Cannes vs. Oscar*

The Tree of Life‘, Terrence Malick’s first film in six years, has won the Palme d’Or. Good. You’ve got to be happy for the Malick. I’m not sure how enthusiastic I will be about the film, however. It sounds irksomely profound. Then again, from what I’d read, I wasn’t too sure about last year’s winner, ‘Uncle Boonmee Who Can Recall His Past Lives,’ but was utterly enchanted by that film when I saw it, and when I came to consider it in writing, I found I loved it all the more (if you haven’t already read the article, you’ll find it here).

I had ‘Uncle Boonmee’ in mind when I started to prepare this blog. The build-up to the Academy Awards was also reaching a crescendo and the web was brimming with representations for and against ‘The King’s Speech’, ‘The Social Network’, ‘Black Swan’, et al. I was tempted to wade in, but resisted. The discussion seemed to assume the Academy’s decision was of some critical consequence and I didn’t want to buy in to that. Not any more. It’s not that the Academy makes mistakes on occasion: it’s that it rarely even permits itself to consider the best films, that’s without mentioning the campaigning now required to make an impact.

No, if there’s any award in the film world that comes consistently close to picking the film of the year, it’s the Palme d’Or. Unfortunately, we can’t get so involved in that pageant because so few of us will have seen the films. One thing’s for sure though: Cannes beats the Academy every time. Or does it?

I’ve knocked up a little pub game for us to play.

The last twenty Best Pictures versus the last twenty Palme d’Or winners. Pick your favourite each year and see who comes out on top. (If you haven’t seen both – why not?! – you can strike that year, and if you can’t decide, well, declare it a tie.) I’ll publish my scores, next Sunday.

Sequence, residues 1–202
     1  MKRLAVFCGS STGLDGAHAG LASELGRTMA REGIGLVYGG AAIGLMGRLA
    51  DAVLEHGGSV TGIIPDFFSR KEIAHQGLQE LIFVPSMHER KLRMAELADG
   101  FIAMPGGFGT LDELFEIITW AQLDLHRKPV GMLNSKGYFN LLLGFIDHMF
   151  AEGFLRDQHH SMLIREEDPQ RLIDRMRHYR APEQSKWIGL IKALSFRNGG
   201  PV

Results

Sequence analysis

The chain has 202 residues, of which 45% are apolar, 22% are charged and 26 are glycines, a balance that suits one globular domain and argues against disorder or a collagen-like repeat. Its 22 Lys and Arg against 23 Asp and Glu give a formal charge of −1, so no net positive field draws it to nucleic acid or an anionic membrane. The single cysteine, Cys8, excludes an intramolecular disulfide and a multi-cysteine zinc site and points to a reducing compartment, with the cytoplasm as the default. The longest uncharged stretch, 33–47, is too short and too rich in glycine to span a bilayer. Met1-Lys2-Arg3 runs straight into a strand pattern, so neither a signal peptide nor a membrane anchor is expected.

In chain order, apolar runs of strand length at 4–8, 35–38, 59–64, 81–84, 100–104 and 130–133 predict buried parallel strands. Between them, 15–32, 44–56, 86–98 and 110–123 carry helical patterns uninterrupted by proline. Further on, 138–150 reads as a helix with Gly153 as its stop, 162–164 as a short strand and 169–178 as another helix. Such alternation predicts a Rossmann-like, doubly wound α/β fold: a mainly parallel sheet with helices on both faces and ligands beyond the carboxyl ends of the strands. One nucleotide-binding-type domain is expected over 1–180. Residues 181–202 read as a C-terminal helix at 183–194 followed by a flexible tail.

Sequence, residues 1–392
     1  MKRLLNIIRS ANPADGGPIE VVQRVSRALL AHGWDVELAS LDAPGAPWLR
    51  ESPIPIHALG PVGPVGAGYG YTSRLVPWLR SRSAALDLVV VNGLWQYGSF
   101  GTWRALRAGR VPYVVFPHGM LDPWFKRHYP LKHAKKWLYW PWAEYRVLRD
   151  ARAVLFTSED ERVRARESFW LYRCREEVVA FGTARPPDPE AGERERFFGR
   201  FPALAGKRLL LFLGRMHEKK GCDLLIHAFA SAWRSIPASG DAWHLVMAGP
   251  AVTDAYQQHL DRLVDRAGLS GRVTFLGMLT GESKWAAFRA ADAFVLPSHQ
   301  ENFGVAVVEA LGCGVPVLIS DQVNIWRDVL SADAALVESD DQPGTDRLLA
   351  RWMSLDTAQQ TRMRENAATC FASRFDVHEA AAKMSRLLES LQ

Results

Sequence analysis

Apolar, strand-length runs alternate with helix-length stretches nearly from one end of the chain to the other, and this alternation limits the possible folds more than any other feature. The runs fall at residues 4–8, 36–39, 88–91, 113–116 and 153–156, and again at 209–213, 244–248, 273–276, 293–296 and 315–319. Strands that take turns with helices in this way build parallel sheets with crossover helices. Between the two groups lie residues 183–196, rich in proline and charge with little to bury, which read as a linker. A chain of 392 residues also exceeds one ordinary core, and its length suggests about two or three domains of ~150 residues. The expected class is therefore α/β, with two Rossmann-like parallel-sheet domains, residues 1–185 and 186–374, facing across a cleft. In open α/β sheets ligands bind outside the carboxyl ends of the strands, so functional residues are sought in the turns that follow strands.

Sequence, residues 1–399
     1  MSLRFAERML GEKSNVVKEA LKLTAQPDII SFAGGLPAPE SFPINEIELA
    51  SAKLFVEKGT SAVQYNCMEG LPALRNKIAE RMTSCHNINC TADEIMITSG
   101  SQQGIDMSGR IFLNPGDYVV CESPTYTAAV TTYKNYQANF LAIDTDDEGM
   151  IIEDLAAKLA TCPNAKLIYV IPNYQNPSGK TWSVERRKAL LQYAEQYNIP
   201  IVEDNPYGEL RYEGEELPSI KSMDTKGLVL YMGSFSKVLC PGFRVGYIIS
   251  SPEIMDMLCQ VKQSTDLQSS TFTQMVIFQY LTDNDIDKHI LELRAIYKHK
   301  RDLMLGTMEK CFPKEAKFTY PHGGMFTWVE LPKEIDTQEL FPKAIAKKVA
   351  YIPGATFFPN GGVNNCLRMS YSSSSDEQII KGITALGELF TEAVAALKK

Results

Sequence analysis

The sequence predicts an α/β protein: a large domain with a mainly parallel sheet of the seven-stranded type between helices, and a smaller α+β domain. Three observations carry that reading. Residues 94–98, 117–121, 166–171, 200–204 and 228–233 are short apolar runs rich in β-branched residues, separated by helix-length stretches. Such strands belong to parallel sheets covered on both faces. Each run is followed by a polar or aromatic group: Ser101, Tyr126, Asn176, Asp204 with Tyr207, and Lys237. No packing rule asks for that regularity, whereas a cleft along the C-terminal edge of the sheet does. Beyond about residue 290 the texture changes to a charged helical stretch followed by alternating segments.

Returning to ‘The Tree of Life‘, could this be the year that Cannes and Oscar* agree?

Cannes versus Oscar*

2010: Uncle Boonmee Who Can Recall His Past Lives ~ The King’s Speech

2009: The White Ribbon ~  The Hurt Locker

2008: The Class ~  Slumdog Millionaire

2007: 4 Months, 3 Weeks, and 2 Days ~  No Country For Old Men

2006: The Wind That Shakes The Barley  ~  The Departed

2005: L’enfant ~  Crash

2004: Fahrenheit 9/11 ~  Million Dollar Baby

2003: Elephant ~  Lord of the Rings: The Return of the Ring

2002: The Pianist ~  Chicago

2001: The Son’s Room ~  A Beautiful Mind

2000: Dancer In The Dark  ~  Gladiator

1999: Rosetta ~  American Beauty

1998: Eternity and a Day ~  Shakespeare In Love

1997: Taste of Cherry / The Eel  ~  Titanic

1996: Secrets & Lies ~  The English Patient

1995: Underground ~  Braveheart

1994: Pulp Fiction ~  Forrest Gump

1993: The Piano / Farewell My Concubine  ~  Schindler’s List

1992: The Best Intentions ~  Unforgiven

1991: Barton Fink  ~  The Silence of the Lambs


If you haven’t already, please leave your scores/selection as a comment. I’m very interested to see which comes out on top. There’s an additional challenge now, as suggested by a reader: how many of these titles couldn’t be sat through again, or to put it another way, which of these titles would you never want to see again?


Not Necessarily Natural?

I read this statement in the details for a notable script development course:

“Development cannot and does not aspire to replace writing talent, however screenwriting has very specific craft techniques that can be learnt and that aren’t necessarily natural to the writing process.”

Odd. Very odd. On so many levels.

I had to read it again. “Development cannot and does not aspire to replace writing talent” – this is a startlingly defensive remark, answering an imagined or half-recalled accusation. It seems whoever put this course together sensed that what they were about to propose might be construed as antagonistic to writing talent.

What are they proposing? Well, techniques (“craft techniques,” to be exact, although the only reason for compounding the noun that I can see is to invoke the art/craft distinction.) Nothing that hasn’t already been presented in a screenwriting manual in some form, somewhere. These techniques, like all techniques, can be learnt.

What’s wrong with that? What’s the problem? What – to use a development phrase – is at stake here?

The last clause gives us a clue: these craft techniques “aren’t necessarily natural to the writing process”. In other words, the writer won’t necessarily, or naturally, apply these techniques, and as screenwriting requires these “very specific” techniques, they must be supplied by a third party: that’s to say, the script developer.